Thursday, 14 May 2009

Leaves from My Japan Diary: Sunshine

I awoke on this day with renewed enthusiasm. I knew at once that I’d not be feeling drowsy anymore. But when I looked out of the window the sight didn’t match my anticipation at all. I expected a genial, bright, warm day. Much to my disappointment, the sky was still overcast. It seemed the cloak of clouds was not to lift itself anytime soon. On the positive side, it was much less cold than it had been the day before. What I knew for sure was that I was going to enjoy this day better. I woke up very early in the morning and got ready. I felt refreshed; I saw clearly what a good sleep could do to me. Soon, the Wise Brother and the Silent Guy were ready and we were off to breakfast.

Breakfast at the Atagoyama Tokyu Inn was very interesting. I got to taste some delicious Japanese cuisine at breakfast. I always preferred chopsticks to forks and spoons while in Japan. It made me feel more Japanese. After a nice and filling breakfast, we gathered once again. I kept chatting with my friends (also from other groups). I kept saying “Ohay­ō gozaimasu” to everyone I met, Indian and Japanese alike. I had a feeling that I wasn’t in a foreign country at all. It felt like … my own.

I was introduced to another member of JICE, Hiromi-san, a wonderful lady. She and I had quite a lengthy conversation about our culture. (I had a similar exchange with Rie-san the day before.) I’ve just thought about two more names for the girls in our team: one will be called Pinkie Kaka (she too was a football fanatic, but two names like “Football Fanatic Guy” and “Football Fanatic Girl” may be misleading for non-Saga readers; therefore, this name, but I don’t have any particular reason for this, it’s just random) and the other, Ms Juiceless. Now everybody knows who Ms Juiceless is. And no, this isn’t a name I’ve invented. In fact, she was the one to coin the term. I’ll discuss the reason for this christening in a few days.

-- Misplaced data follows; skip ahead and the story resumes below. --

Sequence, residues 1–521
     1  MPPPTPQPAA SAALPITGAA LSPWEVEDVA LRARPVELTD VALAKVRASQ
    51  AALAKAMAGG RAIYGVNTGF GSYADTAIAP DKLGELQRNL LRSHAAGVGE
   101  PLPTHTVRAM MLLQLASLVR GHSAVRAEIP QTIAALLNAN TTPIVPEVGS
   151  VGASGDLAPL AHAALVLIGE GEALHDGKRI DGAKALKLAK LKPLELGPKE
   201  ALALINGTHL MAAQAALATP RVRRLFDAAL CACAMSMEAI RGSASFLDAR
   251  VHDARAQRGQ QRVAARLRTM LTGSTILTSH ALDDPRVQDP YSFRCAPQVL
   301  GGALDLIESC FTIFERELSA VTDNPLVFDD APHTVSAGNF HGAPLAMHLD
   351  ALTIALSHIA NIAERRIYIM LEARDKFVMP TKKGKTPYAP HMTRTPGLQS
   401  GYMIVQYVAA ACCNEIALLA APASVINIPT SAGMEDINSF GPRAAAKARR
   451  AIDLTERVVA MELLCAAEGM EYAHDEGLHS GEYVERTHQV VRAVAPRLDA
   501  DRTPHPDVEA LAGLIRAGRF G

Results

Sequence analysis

However, let’s get back to the day. When we went outside it was raining a bit, but it was nothing uncomfortable. In fact, I started enjoying the rain. There was a lecture on Japan at 9 o'clock. We were all going to Toranomon Pastoral (Mint), just five minutes’ walk from our inn. We were to learn a great deal more about the past and present of Japan. We arrived at the conference room in no time. Rie-san introduced us to our lecturer, Mr Takeshi Mura from J. F. Oberlin University. The lecture began at 9:05 a.m. sharp, not a minute before or after the scheduled time. Mr Mura started his lecture and slideshow. He spoke in Japanese and his words were translated by Hirooka-san. The lecture was for one hour and a half. But when the lecture finished, I didn’t realise how long it was. The lecture, as well as the slideshow, was so engaging, so interesting that I sat there captivated; I wish it were longer. The lecture was another eye-opener on Japan for me. I was getting more and more amazed and this lecture changed my perception considerably. We students were guests to Japan for cultural and educational exchange. So naturally, it was expected that we’ll be shown only about the positive side of Japan. We were indeed shown the advancement of Japan over decades and the uncountable technological achievements of Japan. I was stunned when the lecturer also chose to highlight the not-so-good aspects in the history of Japan, the mistakes Japan had committed in the past. I loved this tremendous honesty as very few dare to be self-criticising – a good sign for the progress of any nation. This highlighting of the mistakes didn’t make me any less respectful to the Japanese. On the contrary, my admiration and respect towards them increased even more after this wonderful gesture. Learning from mistakes: that’s what everybody needs to do, most don’t and Japan certainly did.